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Source: Behavioral Risk Factor Surveillance System, CDC. Obesity Trends* Among U.S. Adults BRFSS, 1999 No Data <10% 10%–14% 15%–19% ≥20 (*BMI ≥30, or ~ 30 lbs overweight for 5’ 4” person)

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Source: Behavioral Risk Factor Surveillance System, CDC. Obesity Trends* Among U.S. Adults BRFSS, 2000 No Data <10% 10%–14% 15%–19% ≥20 (*BMI ≥30, or ~ 30 lbs overweight for 5’ 4” person)

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Source: Behavioral Risk Factor Surveillance System, CDC. Obesity Trends* Among U.S. Adults BRFSS, 2001 No Data <10% 10%–14% 15%–19% 20%–24% ≥25% (*BMI ≥30, or ~ 30 lbs overweight for 5’ 4” person)

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Source: Behavioral Risk Factor Surveillance System, CDC. (*BMI 30, or ~ 30 lbs overweight for 5’4” person) No Data <10% 10%–14% 15%–19% 20%–24% ≥25% (*BMI ≥30, or ~ 30 lbs overweight for 5’ 4” person) Obesity Trends* Among U.S. Adults BRFSS, 2002

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Source: Behavioral Risk Factor Surveillance System, CDC. Obesity* Trends Among U.S. Adults BRFSS, 2003 (*BMI ≥30, or ~ 30 lbs overweight for 5’ 4” person) No Data <10% 10%–14% 15%–19% 20%–24% ≥25%

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All Races 17.90% not enough data Pediatric Nutrition Surveillance System (PedNSS) Growth Statistics for City and County of San Francisco 2004 BMI for age > 95% for Children 2-4 Years

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All Races 19.20% White 17.90% Pediatric Nutrition Surveillance System (PedNSS) Growth Statistics for City and County of San Francisco 2004 BMI for age > 95% for Children 5-19 Years

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A number that compares a child’s weight to her height A number that compares a child’s weight to her height Body Mass Index (BMI) = Body Mass Index (BMI) = Weight (kg) / Height (m)² BMI is an effective tool; alone it is not a diagnostic tool BMI is an effective SCREENING tool; alone it is not a diagnostic tool What is BMI?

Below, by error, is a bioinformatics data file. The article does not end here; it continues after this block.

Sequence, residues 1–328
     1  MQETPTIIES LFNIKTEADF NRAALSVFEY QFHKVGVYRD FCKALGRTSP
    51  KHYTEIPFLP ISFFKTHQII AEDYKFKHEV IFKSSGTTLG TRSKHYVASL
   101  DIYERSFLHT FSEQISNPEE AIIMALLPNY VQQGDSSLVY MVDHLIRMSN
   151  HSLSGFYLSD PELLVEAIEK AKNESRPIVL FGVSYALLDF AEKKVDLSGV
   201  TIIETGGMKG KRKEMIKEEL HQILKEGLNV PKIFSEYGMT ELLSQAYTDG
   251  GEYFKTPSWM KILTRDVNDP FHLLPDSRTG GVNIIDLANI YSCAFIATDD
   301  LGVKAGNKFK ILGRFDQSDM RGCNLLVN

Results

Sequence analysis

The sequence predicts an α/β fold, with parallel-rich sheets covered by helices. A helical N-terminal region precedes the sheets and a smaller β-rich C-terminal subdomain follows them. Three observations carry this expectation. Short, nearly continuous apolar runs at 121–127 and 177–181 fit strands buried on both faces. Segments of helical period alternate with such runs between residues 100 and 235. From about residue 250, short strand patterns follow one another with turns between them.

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BMI is Not the Same for Adults and Children Adult BMI is evaluated by use of cut-off numbers; for example BMI >30 is indicative of adult obesity Adult BMI is evaluated by use of cut-off numbers; for example BMI >30 is indicative of adult obesity There are no BMI cut-off numbers for children. The BMI number must be plotted on the BMI-for-age growth chart There are no BMI cut-off numbers for children. The BMI number must be plotted on the BMI-for-age growth chart The BMI for children is useful only when it is plotted on the “BMI-for-age Growth Chart” The BMI for children is useful only when it is plotted on the “BMI-for-age Growth Chart”

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Example: 95th percentile tracking Age BMI 2 yrs 19.3 4 yrs 17.8 9 yrs 21.0 13 yrs 25.1 For Children, BMI Changes with Age Boys: 2 to 20 years BMI

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Tracking tool for body size starting at age 2 years through adulthood Tracking tool for body size starting at age 2 years through adulthood Only indicator that examines weight, stature AND age for a child on a single growth chart Only indicator that examines weight, stature AND age for a child on a single growth chart Correlates with clinical risk factors for chronic disease including hyperlipidemia, elevated insulin, and high blood pressure Correlates with clinical risk factors for chronic disease including hyperlipidemia, elevated insulin, and high blood pressure Importance of Using BMI-for-age

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BMI is Only an Indirect Measure of Body Fat

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> 95 th percentileOverweight 85 th to < 95 th Risk of percentileoverweight < 5 th percentileUnderweight Using BMI-for-age Percentiles to Assess Risk

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What is a Percentile? 95 th 5 th 50 th Percentile 85 th

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CDC Standardized Growth Chart Formula to calculate BMI Published May 30, 2000 Percentiles (5 th,10 th,25 th, 50 th, 75 th,85 th,90 th,95 th )

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> 95 th percentileOverweight? 85 th to < 95 th Risk of percentile overweight? < 5 th percentileUnderweight? Growth acceleration or deceleration across 2 percentile lines Using BMI-for-age Percentiles to Assess Risk